The Hardest Crossword of the Week
Each Saturday, I approach the New York Times crossword puzzle with anxiety. I love puzzles, and I especially like treating my brain to a puzzle after a stressful week at work. But the Times Saturday crossword has a reputation as a bear. Maybe I won’t be able to finish it. Maybe I’ll have to “cheat” by researching clues. What if I can’t do it?
Typically, my first few minutes with the puzzle don’t lessen my fear. I scan through the clues: don’t know that one; have no idea what that one even means; if I’d remembered my history from school, I might know that one. Why am I even trying this?
Then: a glimmer of hope. I know 33 Down from taking piano lessons, so I will start with that. 45 Across probably ends in Y, and I can guess that answer. I think I know the last half of 25 Down, and that means that 43 Across makes sense. After taking a break, I fix an answer that doesn’t seem right, and two others show up in my head. One corner of the puzzle is done, and that leads to the first answer nearby. Step by step, I work my way through… Finally, voila! The “congratulations” star appears and the cheerful music plays (which I need, after all of that work), and I have finished the Saturday puzzle. I’m not successful every week, but I finish it enough weeks that I know that I can do it.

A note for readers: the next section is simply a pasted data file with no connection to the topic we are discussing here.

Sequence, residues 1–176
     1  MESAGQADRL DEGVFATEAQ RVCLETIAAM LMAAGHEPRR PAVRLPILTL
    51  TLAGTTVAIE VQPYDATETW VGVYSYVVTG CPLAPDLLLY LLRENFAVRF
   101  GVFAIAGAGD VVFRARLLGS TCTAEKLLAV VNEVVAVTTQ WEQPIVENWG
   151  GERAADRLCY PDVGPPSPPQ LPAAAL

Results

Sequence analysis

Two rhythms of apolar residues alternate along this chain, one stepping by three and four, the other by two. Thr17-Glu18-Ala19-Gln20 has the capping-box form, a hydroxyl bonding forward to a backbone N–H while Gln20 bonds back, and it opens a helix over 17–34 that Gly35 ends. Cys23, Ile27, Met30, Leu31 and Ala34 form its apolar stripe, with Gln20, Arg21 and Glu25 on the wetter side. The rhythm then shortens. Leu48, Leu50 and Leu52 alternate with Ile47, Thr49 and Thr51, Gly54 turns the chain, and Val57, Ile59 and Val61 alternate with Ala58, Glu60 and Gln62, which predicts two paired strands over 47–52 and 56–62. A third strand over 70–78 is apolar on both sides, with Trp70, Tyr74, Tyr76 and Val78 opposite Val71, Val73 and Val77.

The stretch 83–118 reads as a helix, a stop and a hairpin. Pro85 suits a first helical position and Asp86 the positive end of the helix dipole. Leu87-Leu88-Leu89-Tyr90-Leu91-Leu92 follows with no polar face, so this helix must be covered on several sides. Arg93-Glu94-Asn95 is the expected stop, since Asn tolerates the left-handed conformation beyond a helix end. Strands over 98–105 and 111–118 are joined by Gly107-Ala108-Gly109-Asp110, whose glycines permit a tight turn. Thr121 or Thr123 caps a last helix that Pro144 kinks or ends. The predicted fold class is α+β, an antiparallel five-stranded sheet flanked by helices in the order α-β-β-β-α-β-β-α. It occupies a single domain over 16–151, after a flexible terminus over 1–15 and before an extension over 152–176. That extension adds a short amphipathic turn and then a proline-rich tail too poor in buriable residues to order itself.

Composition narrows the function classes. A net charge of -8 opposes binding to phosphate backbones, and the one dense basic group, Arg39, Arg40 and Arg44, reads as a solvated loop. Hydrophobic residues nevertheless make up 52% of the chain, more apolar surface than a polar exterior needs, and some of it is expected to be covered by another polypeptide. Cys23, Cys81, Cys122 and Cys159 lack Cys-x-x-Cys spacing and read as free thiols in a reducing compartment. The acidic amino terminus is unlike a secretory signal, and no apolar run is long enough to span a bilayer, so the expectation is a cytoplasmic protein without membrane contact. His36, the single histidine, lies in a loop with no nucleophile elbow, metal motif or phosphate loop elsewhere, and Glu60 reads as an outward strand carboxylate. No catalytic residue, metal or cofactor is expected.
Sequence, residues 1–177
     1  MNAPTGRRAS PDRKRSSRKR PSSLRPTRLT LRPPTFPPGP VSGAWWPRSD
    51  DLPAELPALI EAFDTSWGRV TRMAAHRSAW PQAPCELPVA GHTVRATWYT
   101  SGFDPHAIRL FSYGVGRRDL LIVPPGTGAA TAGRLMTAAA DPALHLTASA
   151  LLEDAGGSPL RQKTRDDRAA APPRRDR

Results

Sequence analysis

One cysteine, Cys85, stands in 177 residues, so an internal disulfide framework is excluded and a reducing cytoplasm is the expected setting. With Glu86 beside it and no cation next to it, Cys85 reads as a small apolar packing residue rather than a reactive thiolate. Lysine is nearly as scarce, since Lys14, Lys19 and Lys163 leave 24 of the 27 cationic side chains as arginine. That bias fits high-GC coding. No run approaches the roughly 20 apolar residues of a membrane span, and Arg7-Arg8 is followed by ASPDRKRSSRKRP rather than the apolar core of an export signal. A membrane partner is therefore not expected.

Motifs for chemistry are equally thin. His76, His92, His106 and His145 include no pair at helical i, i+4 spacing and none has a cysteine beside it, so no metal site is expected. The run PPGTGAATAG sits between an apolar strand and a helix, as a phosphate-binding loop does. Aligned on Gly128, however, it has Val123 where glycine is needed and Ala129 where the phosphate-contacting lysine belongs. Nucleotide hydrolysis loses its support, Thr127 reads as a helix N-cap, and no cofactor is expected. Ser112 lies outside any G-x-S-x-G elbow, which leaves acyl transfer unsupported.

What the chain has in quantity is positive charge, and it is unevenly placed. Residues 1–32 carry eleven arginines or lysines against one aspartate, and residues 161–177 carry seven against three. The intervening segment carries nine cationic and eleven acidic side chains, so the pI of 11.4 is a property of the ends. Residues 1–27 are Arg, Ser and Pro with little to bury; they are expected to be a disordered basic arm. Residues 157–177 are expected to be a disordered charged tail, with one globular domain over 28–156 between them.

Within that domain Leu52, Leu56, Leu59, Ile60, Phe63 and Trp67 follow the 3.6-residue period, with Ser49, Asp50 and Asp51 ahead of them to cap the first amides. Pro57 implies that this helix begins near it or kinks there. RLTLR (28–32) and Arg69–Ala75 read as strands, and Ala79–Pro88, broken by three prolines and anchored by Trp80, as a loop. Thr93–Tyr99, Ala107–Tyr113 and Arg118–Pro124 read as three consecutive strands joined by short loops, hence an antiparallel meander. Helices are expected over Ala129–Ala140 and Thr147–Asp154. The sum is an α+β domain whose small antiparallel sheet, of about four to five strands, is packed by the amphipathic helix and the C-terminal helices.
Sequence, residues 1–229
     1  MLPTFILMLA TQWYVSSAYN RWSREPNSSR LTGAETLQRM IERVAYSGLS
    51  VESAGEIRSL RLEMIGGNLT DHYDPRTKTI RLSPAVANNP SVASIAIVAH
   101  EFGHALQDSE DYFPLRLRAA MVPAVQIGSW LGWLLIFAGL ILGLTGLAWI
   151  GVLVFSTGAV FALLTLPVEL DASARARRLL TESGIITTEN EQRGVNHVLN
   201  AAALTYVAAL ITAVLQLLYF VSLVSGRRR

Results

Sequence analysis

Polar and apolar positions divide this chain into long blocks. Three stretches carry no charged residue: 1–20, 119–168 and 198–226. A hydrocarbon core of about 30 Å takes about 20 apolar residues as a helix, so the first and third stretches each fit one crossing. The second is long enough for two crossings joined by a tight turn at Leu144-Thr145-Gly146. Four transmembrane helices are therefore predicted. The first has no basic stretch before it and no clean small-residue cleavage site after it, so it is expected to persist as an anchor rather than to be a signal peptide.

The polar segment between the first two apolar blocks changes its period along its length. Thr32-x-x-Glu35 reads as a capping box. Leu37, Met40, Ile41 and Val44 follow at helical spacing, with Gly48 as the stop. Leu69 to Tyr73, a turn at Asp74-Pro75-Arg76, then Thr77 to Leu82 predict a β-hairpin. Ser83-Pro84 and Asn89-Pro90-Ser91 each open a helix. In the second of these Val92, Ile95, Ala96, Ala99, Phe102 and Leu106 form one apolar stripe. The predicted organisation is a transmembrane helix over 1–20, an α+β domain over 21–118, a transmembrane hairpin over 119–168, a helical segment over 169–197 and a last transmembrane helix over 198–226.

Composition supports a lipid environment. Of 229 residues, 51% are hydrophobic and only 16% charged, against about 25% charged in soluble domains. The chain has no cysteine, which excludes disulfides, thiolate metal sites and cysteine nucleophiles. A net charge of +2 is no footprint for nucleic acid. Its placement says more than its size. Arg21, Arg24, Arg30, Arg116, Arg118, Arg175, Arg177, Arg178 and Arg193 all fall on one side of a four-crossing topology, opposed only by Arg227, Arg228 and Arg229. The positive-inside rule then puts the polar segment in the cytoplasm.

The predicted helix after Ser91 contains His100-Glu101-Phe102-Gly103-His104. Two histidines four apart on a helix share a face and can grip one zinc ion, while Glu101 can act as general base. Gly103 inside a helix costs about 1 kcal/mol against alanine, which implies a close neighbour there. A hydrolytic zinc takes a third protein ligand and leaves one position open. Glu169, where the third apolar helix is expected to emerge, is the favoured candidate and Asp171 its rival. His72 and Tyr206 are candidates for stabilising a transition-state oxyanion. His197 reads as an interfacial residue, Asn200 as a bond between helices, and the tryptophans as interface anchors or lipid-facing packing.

How Do You Face Tough Problems?
We started a recent work meeting by handing out metal shape puzzles to the group. The puzzles seemed unsolvable. How did we react when faced with that type of problem? I reflected on the initial anxiety and reluctance I have each Saturday. I also thought about the tools I use – willingness to try, patience and perseverance, resourcefulness, creating space to work on the problem subconsciously. It was reassuring to know that I could trust myself to tackle a tough challenge- even though I might be anxious about it initially.
Climate Change: The Hardest Puzzle You Could Imagine
Fighting climate change is like solving the hardest Saturday crossword you could imagine, in multiple dimensions, with a timer ticking loudly in the background. It seems impossible. How do we even start? Temperatures in Europe were over 100 degrees last week. Many Europeans don’t have air conditioning but are now installing it, potentially creating even more carbon emissions. You can’t blame them… but how can we do anything to help?
Start with something you can do easily, like taking a reusable mug when you get coffee. Use your cooking skills to try a vegetable or grain you haven’t eaten before. Stretch a little – literally – by walking or taking the bus to someplace you usually drive. Work step by step, but keep at it. Please -for your sake and for the planet.
To learn about the best ways to fight climate change, see one of my prior posts here.